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So I should think it would be very easy to get a man's record and confine your dental treatment to those cases where the disability was noted at the time of entrance into the service. The law is really very narrow.

Mr. ROUTSONG. That is section 13?
Mr. ANTHONY. Yes.

Col. FORBES. A man may have had noted the absence of three or four teeth; after his service he goes to a dental examiner and the dental examiner says it is no use to fix the teeth which were injured in the Army or during service unless the teeth he lost before he went into the Army are fixed at the same time, so he goes ahead and fixes all of the teeth, on the theory that he can not function without having all the teeth in good shape, and the bill is paid by the Government. In Chicago there were 1,269 dental cases allowed and it cost $100,490, or approximately $80 a case, in that district, and that was in one month. As I say, I think the great evil in this whole thing is in permitting the dentist who makes the examination to also be the workman.

Of course, that man will do the work and is anxious to do the work. I have myself looked into the mouths of 40 or 50'men and I have seen a complete equipment of teeth, the mouths fully rehabilitated at the expense of the Government. A man's record might only show two absent teeth, and then after the service there might be more, and the dentist who makes the examination will tell him there is no use in fixing the teeth injured in the service unless all of them are fixed, and then the dentist goes on and does all of the work. That has been done and the bill has been presented to the Government and the Government has paid it. As I say, the great evil is that one man is the examiner and the workman.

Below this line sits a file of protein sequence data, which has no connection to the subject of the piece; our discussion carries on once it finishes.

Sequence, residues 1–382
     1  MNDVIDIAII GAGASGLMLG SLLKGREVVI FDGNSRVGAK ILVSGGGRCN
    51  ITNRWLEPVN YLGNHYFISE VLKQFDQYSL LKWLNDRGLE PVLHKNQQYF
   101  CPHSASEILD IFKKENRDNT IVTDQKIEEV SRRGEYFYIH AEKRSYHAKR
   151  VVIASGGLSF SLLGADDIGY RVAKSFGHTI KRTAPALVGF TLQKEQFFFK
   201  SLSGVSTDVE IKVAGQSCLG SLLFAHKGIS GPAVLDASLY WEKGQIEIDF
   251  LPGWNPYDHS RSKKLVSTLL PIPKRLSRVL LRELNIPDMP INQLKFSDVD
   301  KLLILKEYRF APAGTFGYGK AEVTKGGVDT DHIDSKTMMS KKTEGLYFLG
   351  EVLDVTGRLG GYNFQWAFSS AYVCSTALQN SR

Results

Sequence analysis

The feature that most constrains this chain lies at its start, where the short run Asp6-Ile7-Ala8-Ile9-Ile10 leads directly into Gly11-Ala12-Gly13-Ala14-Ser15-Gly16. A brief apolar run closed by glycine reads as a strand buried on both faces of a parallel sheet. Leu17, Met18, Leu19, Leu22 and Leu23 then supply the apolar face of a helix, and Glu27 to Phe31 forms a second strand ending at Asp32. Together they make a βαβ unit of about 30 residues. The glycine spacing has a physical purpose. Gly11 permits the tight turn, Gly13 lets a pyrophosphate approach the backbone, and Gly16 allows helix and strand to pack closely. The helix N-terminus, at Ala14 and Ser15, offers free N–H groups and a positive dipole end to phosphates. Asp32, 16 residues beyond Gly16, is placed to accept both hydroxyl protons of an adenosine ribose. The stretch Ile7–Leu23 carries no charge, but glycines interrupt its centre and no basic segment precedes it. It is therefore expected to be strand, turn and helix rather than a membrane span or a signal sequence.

Mr. Wood. Why do you not change that system?

Col. FORBES. We are changing it and we are putting in our own dental clinics.

Col. PATTERSON. Mr. Anthony brought up the point about the teeth. The law says:

Disease or injury contracted in the service or by reason of any aggravation of a preexisting injury or disease, specifically noted at examination for entrance into or employment in the active military or naval service.

In the case of many men it was noted that there were absent teeth when they went into the service, and these same men, when they came out of the service, claimed that their mouth condition was aggravated by the service, and they could get treatment for that under section 13 of the act of August 9, 1921.

Col. FORBES. At least 1 out of every 10 is a dental case.

Col. PATTERSON. The estimate would have been nearly $6,000,000, but it was reduced to $5,000,000.

The CHAIRMAN. Who is to blame if it is costing $50 a man?

Mr. Wood. The colonel has been explaining that, and it looks as though they were doing twice as much work as the Government should be doing

Col. PATTERSON. And the director is taking steps to do away with that. We are not going to let these dental men examine a man and also do the work themselves; a man will be examined by our own men first, and they will indicate how much work shall be done,

and a scale of prices will be set for such work, so that dental surgeons who desire to do it will know how much they will get in each case.

The CHAIRMAN. But you are not saving any money.
Col. PATTERSON. That is due to the Sweet bill.

Col. FORBES. The Sweet bill will operate until the 9th of next August.

Col. PATTERSON. They can apply for treatment until next August.

The CHAIRMAN. And all examinations must be made between now and then ?

Col. PATTERSON. Those that have not applied for relief by that time will be out of luck.

Mr. KELLEY. How many applications for dental treatment have you pending now?

Col. PATTERSON. In the bureau?
Mr. KELLEY. Yes.
Col. PATTERSON. For disability ?
Mr. KELLEY. For dental treatment.

Col. PATTERSON. I should say offhand that in the bureau we are practically current now.

The CHAIRMAN. Dental treatment, of course, means disability?

Col. PATTERSON. But they have to be rated first to see whether they have a disability.

Mr. KELLEY. You are figuring on treating 115,000 during this coming year?